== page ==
The randomized trial, conducted at UVA and seven other sites around the country, evaluated 140 methamphetamine addicts to determine the effectiveness of the drug topiramate in treating their addiction. Participants were given either topiramate or a placebo. The study found that while topiramate does not eliminate meth addiction, it can reduce the amount of meth taken and reduce relapse rates in those who have quit.
“Once a person stops, even for a few days, [topiramate] significantly increases their chances for not relapsing,” says Johnson, DSc, MD, the study’s principal investigator. “That’s very important, because relapse prevention is an important component of addiction medicine. We try to get people drug-free, and then we want to give them something to take away with them to maintain that drug-free status. So this is one way in which that can be done.”
Medicine as addiction treatment
Johnson, a pioneer in addiction research, first explored the theory that medications could treat addictions more than two decades ago. That idea, met with skepticism at first, has since transformed how many scientists think about addiction’s relationship with the workings of the brain.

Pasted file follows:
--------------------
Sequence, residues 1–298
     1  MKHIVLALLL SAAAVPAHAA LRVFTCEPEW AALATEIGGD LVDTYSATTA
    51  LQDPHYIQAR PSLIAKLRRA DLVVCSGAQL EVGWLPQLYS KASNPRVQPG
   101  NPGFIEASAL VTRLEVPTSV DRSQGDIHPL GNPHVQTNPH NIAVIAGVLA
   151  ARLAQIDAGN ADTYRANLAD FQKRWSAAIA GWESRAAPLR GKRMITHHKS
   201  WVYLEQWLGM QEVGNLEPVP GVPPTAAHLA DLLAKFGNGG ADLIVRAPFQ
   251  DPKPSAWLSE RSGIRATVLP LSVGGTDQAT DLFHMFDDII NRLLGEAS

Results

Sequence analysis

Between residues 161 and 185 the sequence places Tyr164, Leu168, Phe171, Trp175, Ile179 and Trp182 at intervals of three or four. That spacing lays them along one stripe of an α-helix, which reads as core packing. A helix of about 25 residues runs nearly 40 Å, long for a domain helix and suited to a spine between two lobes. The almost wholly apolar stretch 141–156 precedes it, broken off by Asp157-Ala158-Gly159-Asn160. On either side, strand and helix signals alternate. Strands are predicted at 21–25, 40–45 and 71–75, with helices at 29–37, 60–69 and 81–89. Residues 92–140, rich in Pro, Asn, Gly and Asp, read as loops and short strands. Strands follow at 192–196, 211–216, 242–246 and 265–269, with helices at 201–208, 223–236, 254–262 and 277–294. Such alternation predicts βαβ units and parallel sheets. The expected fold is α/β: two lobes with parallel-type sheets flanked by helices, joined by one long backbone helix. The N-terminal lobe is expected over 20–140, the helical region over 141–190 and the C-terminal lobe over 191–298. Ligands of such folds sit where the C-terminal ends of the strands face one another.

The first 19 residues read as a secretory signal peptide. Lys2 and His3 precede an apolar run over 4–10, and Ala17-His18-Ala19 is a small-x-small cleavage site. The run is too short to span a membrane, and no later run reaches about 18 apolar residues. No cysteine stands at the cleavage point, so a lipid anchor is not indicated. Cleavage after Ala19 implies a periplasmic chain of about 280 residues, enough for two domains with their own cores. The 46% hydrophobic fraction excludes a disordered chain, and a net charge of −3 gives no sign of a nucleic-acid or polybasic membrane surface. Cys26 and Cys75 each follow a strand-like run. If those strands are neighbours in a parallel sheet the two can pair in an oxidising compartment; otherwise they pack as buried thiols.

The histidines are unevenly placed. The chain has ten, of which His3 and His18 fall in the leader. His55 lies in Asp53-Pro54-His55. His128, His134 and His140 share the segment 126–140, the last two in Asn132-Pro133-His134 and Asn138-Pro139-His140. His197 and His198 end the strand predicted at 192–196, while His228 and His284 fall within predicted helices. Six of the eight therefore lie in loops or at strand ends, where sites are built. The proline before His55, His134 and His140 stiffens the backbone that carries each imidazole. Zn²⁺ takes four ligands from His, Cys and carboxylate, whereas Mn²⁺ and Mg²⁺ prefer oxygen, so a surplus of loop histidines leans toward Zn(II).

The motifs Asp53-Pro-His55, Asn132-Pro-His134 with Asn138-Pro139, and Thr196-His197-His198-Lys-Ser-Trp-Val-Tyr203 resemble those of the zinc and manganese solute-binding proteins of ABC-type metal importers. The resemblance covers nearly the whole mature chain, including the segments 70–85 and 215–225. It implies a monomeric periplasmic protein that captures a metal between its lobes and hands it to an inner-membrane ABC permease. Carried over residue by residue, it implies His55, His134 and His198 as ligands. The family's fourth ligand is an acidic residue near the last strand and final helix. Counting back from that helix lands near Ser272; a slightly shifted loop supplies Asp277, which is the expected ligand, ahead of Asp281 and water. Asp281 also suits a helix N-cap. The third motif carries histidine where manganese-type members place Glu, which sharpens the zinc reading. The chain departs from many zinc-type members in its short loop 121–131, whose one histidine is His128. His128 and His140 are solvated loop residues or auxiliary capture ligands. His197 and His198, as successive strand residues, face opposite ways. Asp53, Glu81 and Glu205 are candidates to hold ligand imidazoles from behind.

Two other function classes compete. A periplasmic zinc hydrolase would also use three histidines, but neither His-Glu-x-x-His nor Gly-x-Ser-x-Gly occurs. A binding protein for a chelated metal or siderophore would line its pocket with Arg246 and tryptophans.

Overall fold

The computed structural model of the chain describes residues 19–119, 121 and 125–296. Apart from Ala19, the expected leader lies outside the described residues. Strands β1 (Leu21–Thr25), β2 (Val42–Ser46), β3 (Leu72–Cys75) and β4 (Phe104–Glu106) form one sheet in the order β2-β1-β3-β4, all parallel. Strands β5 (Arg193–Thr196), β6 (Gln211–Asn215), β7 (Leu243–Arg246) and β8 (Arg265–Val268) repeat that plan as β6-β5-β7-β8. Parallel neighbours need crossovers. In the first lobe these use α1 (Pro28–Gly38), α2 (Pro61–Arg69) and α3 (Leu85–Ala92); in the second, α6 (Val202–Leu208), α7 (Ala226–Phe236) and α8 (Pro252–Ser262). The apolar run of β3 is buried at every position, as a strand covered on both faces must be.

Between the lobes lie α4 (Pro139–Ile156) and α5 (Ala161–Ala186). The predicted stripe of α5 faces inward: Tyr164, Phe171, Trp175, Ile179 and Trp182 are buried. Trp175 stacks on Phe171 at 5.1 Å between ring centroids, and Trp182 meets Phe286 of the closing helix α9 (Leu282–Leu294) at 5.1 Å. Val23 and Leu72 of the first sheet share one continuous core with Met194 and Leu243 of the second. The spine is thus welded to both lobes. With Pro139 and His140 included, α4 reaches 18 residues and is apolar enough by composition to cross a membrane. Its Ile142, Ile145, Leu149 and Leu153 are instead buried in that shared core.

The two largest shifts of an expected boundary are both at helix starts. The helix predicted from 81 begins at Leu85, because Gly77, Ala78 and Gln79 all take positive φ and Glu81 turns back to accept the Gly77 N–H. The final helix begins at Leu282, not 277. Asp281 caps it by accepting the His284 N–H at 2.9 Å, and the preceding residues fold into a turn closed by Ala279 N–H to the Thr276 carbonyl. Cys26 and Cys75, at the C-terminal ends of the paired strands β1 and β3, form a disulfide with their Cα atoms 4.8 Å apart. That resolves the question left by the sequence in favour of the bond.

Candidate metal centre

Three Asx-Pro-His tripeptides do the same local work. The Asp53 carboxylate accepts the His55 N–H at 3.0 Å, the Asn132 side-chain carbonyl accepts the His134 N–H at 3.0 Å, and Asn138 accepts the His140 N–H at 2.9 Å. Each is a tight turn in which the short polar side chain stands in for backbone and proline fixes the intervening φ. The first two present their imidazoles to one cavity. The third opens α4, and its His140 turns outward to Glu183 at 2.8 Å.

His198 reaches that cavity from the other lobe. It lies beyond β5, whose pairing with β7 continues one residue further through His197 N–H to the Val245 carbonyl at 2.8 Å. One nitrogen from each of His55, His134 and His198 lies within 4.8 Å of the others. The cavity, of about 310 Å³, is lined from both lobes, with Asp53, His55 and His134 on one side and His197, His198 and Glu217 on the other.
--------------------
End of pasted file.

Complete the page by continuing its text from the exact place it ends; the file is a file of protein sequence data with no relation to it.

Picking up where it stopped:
Successful alcoholism treatment
In a previous clinical trial, Johnson and his team successfully treated alcoholism by using topiramate to block the brain’s dopamine pathways. The study found that the drug not only reduced heavy drinking but diminished the physical and psychosocial harm caused by alcoholism.
“Our goal is to try and develop medicines to treat addiction,” Johnson says. “We’ve had a lot of success with alcohol treatments, less so with stimulants. So this [methamphetamine study] is the first time we’re beginning to find drugs that actually help.”
Johnson’s new findings on topiramate’s effect on meth addiction are being published in the July issue of the journal Addiction. He plans to explore topiramate’s effect on meth addiction further in a larger study.